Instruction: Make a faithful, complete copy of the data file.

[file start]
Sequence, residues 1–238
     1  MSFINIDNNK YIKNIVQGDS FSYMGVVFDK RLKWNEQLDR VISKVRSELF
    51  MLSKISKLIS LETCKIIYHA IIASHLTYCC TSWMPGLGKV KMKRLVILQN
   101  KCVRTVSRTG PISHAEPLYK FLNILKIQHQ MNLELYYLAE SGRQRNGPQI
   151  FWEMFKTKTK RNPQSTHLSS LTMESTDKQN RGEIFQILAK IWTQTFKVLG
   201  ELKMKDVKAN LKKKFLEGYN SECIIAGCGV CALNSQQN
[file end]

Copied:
Sequence, residues 1–238
     1  MSFINIDNNK YIKNIVQGDS FSYMGVVFDK RLKWNEQLDR VISKVRSELF
    51  MLSKISKLIS LETCKIIYHA IIASHLTYCC TSWMPGLGKV KMKRLVILQN
   101  KCVRTVSRTG PISHAEPLYK FLNILKIQHQ MNLELYYLAE SGRQRNGPQI
   151  FWEMFKTKTK RNPQSTHLSS LTMESTDKQN RGEIFQILAK IWTQTFKVLG
   201  ELKMKDVKAN LKKKFLEGYN SECIIAGCGV CALNSQQN